How it All Started

How the Cranford 86 Project Began
As a member of the newly formed sub-committee of the Memorial Day Parade to help give identity to the 86 Cranford residents that gave their life on a foreign battle field, I have started researching the stories of who these 86 young men were. Using google and the internet I started doing searches of some of the most recent names on our Memorial Day program. I was surprised how little information there was available. Even from the wars that were fought in my lifetime there were not as many quality photographs and detailed information available. I started thinking that the only way we can fill in all these blanks was to reach out to families and friends of these local heroes. We need to reach out to our community. I know the stories we need are still fresh in the minds and hearts of our town people. Enter Mike Sapara. Mike is a friend and former co-worker of a neighbor of mine. The morning of the Memorial Day parade my neighbor called me and asked if her friend from Bayonne that served in Viet Nam and graduated Cranford High School could march in our parade, I said sure. Tell him to come down. He could march with Rebuilding Warriors, the organization that trains service dogs for veterans with PTSD and traumatic brain injuries. As most know, our parade was cancelled due to inclement weather. At the conclusion of the indoor ceremony at the community center, my neighbor and a man in a vintage Viet-Nam uniform approached me. Mary Roberts introduced me to my new friend Mike Sapara. He made Memorial Day 2016 special to me. He shared some information about his Viet-Nam tour and his Cranford High School class mates that went to Viet-Nam and didn’t come home again. He had my attention. I invited him to VFW reception and back to my Memorial Day gathering that we have had since 2001 at my home. As we do each year at 3:00 we respect the wishes of The President with a moment of silence, followed by taps by our neighbor Frank Grasso. At this point I would usually share some thought with the gathered friends about the meaning of Memorial Day. We especially talk to the young people attending. I usually share some words from the Memorial Day ceremony speakers. This year I quoted Jay Boxwell the commander of Cranford’s VFW. He said, speaking of the Cranford 86, “I didn’t know them, but I know I owe them”. Then Mike took over. He stood in front of the gathering and held up his photo album with pictures from Viet-Nam and images of him and his classmates. The pictures of Raymond Ashnault, a 20 year old Cranford resident, one of our 86, was the one that touched our hearts. Ray perished under in friendly fire to his tank in a defensive position just one day after returning to action from a short hospital stay on August 19th, 1969. As Mike looked at my high school senior son’s group of friends, which were locked in to every word that crossed his lips, he asked “how many of you are 18 or 19”? Ten or 12 raised their hands. At your age my classmates were in country in Viet-Nam, two of them never came back to Cranford. You could hear a pin drop. I think they got the story of Memorial Day better than I could ever have relayed it. As the gathering progressed Mike had a chance to share his stories with all those that would listen. His stories were heartfelt and real. He was the talk of the party. His platoon was the same one depicted in the movie Forest Gump. He has survived two bouts with cancer, PTSD and several issues resulting from Agent Orange exposure. He is very proud of his service in Viet-Nam and feels that our efforts there were just. He feels like many service men, that given more time they would have been victorious. Being the host and the cook, I didn’t get as much a chance to hear the stories, so I invited Mike back for dinner the following week. He arrived with a duffle bag full of memories, his old flak jacket and helmet. My kids were amazed at how heavy they were. He said it was part of the 100 lbs. of gear that they wore everywhere they went. Being Boy Scouts that carried 70 lb. back packs for 100 miles in a week-long trek in Colorado two years back, we could empathize. The average day Mike shared was 100 to 120 degrees and 100% humidity. Most days they waded through rivers and rice paddies, during monsoon season they were wet most of the time, as they walked through mosquitoes and leeches. He shared more stories of some of the Cranford 86 that he knew about. Joe Minnock left High School before graduation and was killed just weeks after entering Viet-Nam. He died at the age of 18, he was the first casualty from Cranford. Mike was a senior in high school and remembers Joe Minnocks passing. He perished in a violent battle for the Idrang Valley in 1965. This was the battle depicted in the movie “We were Soldiers” with Mel Gibson. Mike says he thought about Joe’s death on many occasions while in battles during his tour. The story that enlightened me the most was that of how he and his friends came to join the service to support the war effort. He explained that unlike what most people hear about the negative sentiment of the American people to the Viet Nam war, that everyone in the early days of the war were totally “gung ho” about the effort to stop communism and to fight for our country. He and all of his friends joined voluntarily, in fact the volunteerism was so high that there was a 6-year wait to enter the Navy, Air Force or Coast Guard. They wanted to be like their dads and go off to war for the honor of their families. So they joined the Army. It wasn’t until they were in, that sentiments changed to the Viet Nam soldier. He told a story about getting into a cab on his first moments back in the states. With a uniform full of ribbons, a cabby asked him if he just got back from Nam? He said yes he did. The cabby said who cares. He said “It was a tough time for all of us, but it was better than not coming back at all.” For me, my new friend Mike Sapara was the door to information of 2 of the Cranford 86. If you know anyone that could help fill in the blanks of missing information of these hometown heroes. We urge you to reach out to us through the email on Facebook at Cranford86.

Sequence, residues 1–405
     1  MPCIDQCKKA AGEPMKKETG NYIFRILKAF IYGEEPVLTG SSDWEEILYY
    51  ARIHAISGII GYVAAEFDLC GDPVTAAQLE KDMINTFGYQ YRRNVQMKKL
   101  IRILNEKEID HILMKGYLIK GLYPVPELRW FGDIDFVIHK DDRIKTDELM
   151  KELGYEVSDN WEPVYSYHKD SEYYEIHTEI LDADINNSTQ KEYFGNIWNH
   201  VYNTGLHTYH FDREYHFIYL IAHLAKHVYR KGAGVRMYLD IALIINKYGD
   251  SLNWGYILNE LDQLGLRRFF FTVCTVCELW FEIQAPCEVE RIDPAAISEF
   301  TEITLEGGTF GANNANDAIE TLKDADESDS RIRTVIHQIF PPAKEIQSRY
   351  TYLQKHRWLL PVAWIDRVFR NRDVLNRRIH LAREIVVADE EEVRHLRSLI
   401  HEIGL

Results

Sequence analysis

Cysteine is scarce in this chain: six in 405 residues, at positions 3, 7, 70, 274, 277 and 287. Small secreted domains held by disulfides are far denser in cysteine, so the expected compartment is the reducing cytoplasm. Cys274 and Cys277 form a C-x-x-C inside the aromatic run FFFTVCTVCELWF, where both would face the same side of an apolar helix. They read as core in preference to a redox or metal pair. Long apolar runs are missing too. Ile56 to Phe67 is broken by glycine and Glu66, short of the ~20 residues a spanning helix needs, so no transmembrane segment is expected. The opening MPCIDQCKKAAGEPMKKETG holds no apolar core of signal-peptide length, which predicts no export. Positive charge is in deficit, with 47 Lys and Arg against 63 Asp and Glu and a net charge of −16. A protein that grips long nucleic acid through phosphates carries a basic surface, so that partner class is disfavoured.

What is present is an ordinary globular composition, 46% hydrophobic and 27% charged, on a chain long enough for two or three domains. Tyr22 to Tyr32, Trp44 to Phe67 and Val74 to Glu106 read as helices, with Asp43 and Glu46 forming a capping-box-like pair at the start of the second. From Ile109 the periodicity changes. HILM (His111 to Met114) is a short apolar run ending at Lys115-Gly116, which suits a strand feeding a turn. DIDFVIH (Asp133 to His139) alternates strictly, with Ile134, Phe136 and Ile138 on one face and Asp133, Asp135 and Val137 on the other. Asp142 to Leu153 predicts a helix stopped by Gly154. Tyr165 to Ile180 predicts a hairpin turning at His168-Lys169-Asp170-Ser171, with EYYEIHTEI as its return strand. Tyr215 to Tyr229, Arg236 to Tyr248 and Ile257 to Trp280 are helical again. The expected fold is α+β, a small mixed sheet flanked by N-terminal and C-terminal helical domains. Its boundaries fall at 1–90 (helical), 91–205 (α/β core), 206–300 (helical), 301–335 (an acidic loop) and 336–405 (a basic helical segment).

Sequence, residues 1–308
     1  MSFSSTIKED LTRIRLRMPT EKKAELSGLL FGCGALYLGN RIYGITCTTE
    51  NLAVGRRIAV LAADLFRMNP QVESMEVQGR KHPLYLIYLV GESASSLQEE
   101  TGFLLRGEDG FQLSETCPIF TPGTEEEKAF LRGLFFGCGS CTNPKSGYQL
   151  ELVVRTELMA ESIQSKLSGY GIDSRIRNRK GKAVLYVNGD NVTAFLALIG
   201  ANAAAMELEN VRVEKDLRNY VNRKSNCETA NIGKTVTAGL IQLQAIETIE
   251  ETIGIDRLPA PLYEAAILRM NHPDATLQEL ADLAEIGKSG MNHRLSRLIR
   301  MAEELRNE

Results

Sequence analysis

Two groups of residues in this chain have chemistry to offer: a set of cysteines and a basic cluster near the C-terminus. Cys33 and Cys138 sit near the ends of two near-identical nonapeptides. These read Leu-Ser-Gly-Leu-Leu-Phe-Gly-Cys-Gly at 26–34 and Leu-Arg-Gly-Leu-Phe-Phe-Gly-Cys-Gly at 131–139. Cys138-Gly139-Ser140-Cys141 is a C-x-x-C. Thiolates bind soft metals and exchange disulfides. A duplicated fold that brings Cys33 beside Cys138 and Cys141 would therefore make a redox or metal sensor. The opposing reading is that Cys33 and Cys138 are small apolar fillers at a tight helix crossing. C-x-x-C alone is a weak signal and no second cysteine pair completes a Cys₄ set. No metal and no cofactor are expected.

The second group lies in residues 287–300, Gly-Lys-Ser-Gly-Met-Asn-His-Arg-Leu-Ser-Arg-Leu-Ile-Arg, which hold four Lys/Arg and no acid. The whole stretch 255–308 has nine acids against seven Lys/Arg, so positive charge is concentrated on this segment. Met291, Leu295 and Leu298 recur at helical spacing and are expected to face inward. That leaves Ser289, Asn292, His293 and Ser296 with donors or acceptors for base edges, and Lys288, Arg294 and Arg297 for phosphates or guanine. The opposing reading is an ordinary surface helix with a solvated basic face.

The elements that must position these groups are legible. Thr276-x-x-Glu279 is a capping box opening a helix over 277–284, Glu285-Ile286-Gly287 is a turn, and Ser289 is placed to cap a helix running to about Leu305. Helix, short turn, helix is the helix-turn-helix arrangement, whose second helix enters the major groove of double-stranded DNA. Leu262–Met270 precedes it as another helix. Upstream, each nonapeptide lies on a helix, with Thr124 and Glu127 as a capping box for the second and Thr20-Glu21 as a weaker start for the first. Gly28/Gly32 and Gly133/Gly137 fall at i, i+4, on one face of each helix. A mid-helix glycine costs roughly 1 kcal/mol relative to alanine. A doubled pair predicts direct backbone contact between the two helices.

(above) Joe Minnock

(above) Mike Sapara, Cranford High School Class of 1966, and Viet Nam Veteran.